Tuesday, May 10, 2011

Which side of the rope are you on?

Before my maternity leave and when I was working full-time, it always bothered me to hear stay-at-home moms say, "I'm so sick of my kids." The women who bemoaned days at home and summer break because their kids were around all the time seemed, to me, to have a lucky problem.

Claiming you're sick of your children is a luxury; it denotes an abundance of time spent together. An overabundance, some might say.

As a working mother, I didn't have that luxury.

Now, after five months of being home full-time with two children under the age of five I can honestly say that I've reached the point at which I could pull out my hair and cry, "Make them disappear!" I know what it feels like to be eaten alive. There's no off switch for Junior's mouth. He questions everything. Diddly wants to practice standing and to see the world. He grabs for everything.

And for God's sake I can't count the times I've had to poop with both of them sitting in the bathroom with me—Diddly in the bouncy seat and Junior (who doesn't want to be left out) sitting on his stool, as if they're audience members at a silent and awkward show.

The thing is, they're happy sitting there. They're happy to do anything, as long as it's with me.

It's bittersweet then, this summit I've reached of I-need-a-break-they're-suffocating-me. I always wanted to be here because it's born of bountiful time together, but it won't go on forever. I only have two and a half months of maternity leave left. For a lot of women, especially those in the United States, they've had far less time than I.

So yah, the bittersweet summit. I'm not sure how to get down from here. Or if I even want to.


Kelly L said...

I know what you mean! I am/was lucky enough to work out of my home office when my girls were little - I had to hire a nanny for that time but I could see them and spend time with them.. which was good. Now that my girls are teens and a nanny is not needed - I find myself really at the end of my rope... but in all - I'm glad I was lucky enough to be around and spend as much time with them as possible.
I've Become My Mother
Kelly's Ideas
Amazing Salvation

brokenteepee said...

Sounds like you just need a bit of a break. or you'll break.

I hope it gets better and you can find your balance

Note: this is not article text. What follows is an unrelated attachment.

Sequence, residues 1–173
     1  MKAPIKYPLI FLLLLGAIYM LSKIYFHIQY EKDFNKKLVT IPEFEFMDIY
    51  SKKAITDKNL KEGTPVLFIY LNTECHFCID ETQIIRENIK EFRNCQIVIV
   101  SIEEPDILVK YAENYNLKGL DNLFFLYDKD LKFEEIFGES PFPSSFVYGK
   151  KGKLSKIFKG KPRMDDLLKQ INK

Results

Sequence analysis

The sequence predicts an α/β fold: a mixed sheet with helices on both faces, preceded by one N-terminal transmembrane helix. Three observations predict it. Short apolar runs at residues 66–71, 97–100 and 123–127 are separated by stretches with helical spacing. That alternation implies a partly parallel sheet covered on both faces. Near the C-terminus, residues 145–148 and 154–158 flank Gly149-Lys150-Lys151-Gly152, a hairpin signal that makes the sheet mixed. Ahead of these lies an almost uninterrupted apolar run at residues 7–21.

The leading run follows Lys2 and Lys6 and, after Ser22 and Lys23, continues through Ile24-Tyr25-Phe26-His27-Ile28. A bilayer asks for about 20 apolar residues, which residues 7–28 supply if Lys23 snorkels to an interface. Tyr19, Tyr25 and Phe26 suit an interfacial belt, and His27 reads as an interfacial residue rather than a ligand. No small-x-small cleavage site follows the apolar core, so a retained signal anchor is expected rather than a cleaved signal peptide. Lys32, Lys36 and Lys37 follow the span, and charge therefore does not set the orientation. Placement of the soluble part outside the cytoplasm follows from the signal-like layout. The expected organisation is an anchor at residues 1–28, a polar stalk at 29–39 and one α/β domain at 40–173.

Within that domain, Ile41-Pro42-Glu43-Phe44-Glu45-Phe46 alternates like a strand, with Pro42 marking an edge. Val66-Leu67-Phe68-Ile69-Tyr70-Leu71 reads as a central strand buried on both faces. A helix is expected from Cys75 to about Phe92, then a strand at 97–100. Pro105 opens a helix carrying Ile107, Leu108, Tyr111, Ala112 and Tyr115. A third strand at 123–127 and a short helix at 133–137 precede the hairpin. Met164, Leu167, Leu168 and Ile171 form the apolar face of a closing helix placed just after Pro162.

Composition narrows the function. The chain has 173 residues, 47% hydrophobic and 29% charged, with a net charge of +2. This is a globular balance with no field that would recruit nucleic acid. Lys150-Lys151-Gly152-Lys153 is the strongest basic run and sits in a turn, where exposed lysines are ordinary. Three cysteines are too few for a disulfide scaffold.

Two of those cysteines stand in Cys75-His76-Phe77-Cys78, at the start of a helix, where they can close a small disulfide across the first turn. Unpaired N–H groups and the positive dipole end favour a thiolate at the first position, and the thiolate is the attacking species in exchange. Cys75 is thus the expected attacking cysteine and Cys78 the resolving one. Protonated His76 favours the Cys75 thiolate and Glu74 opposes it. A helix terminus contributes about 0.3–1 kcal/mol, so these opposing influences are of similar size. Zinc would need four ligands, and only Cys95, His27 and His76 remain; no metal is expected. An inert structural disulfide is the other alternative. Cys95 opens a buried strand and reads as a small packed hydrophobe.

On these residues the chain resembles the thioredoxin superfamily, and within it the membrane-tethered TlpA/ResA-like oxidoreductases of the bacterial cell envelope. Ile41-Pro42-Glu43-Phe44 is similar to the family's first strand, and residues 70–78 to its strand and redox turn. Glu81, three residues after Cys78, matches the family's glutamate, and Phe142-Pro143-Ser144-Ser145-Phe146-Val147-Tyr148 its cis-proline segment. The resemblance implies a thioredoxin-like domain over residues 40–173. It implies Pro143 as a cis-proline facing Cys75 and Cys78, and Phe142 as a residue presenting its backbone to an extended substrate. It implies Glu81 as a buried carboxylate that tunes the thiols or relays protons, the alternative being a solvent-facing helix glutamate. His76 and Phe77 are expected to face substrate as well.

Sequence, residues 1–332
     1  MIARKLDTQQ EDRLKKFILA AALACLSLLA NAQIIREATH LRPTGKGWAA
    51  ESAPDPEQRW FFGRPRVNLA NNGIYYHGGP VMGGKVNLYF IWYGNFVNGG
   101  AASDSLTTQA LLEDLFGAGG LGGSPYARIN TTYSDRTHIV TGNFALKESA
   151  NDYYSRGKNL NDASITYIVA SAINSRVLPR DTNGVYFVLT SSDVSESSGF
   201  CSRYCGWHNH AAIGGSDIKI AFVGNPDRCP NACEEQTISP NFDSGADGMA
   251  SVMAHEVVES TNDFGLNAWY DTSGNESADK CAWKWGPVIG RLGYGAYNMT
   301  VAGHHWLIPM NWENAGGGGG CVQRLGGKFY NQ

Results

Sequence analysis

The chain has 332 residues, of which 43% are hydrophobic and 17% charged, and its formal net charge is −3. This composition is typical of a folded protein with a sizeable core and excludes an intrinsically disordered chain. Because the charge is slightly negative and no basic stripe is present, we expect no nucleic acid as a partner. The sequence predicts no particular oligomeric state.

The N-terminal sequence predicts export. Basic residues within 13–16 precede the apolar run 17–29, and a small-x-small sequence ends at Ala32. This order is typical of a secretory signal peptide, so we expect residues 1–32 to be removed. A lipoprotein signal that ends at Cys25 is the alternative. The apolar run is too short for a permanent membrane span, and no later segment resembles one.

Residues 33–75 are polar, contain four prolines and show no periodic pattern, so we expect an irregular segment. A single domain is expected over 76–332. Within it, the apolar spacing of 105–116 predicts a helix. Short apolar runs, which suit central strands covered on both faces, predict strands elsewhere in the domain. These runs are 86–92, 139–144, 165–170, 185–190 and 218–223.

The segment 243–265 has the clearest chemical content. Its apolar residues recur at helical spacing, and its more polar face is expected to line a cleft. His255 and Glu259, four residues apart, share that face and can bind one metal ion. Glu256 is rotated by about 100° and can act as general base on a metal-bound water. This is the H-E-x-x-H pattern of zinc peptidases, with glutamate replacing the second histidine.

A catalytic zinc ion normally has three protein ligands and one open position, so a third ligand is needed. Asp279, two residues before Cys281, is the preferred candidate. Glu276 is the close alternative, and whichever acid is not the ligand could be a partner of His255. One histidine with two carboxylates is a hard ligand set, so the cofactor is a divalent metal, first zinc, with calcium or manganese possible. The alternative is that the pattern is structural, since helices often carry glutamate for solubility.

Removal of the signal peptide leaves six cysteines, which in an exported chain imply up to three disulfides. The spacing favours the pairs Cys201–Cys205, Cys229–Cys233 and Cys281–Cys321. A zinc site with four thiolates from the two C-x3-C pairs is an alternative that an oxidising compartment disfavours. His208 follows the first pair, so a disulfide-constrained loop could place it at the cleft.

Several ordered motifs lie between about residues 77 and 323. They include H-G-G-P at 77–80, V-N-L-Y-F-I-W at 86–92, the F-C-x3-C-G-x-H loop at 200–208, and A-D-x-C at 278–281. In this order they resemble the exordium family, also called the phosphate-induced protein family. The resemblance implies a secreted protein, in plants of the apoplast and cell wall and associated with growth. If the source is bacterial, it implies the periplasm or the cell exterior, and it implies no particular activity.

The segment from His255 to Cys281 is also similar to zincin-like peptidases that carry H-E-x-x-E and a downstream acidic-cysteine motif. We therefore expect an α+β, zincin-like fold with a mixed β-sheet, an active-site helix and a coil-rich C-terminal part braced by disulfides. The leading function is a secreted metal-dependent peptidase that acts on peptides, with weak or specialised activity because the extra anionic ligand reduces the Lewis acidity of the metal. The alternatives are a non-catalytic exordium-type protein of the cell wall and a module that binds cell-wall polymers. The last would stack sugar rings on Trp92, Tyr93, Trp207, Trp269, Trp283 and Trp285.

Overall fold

VandyJ said...

Needing a break is normal. I was home with Turbo for 15 months when he was first born. I waited every day for Nick to come home so I could talk to someone who could form whole sentences. And I felt it was a luxury to shower without the audience.
Now I'm working and don't see either boy as much, but there are still times when I have them both in bed at night and sigh in relief. Being mom demands so much.

Sara said...

I've been where you are at. When my little one was born I stayed home 8 months with her and my oldest. 16 months separated them. Some days I was all "touched" out. I just needed my space. It was bittersweet going back to work and I remember those days with happiness. The crappy days seem to have been forgotten. Big hugs and you can do this.

NHGirl said...

I've been a SAHM since my oldest was born. The boys are now three years old and 20 months old, and there are times when I just put them in their room behind a baby gate, just so I can pee or poop in peace. Yes, it's great for them that I'm home, but I'm not so sure it's great for me. I'm reaching my breaking point, too!

Amanda said...

I have a little boy that is almost 3, a baby girl that will be 1 in July and due to a failed IUD, I am due on November 14 with baby #3. I know exactly how you feel. I also have the awkard little shows in the bathroom (At this point, I don't think it's awkard anymore, LOL). My sister sent me the link to your blog and I am thankful. I really like your posts.

Gretchen said...

There you go, talking about poop again. Just when you swore you wouldn't...

I've been a SAHM for almost 12 years and while I've never gotten tired of listening to women bemoan the balance of work/family, I would have to say, I've been jealous. I wanted to say, "I would give ANYTHING to talk to an adult, not have to wipe someone else's boogers, and go to the bathroom by myself!" I often want to punch my husband when he complains about his hard day at work, knowing he had a business lunch, paid for by work, that included "happy drinks".

I think being a SAHM is not a one-size-fits-all job. Some take to it like a duck to water. For me, I feel like I've had to grow into it. Only for about the last 3 years have I felt okay about it. I finally feel like taking care of others and putting myself last isn't going to crush me. It might cripple me for a while, but I won't be dead.

Wow, isn't that inspiring.

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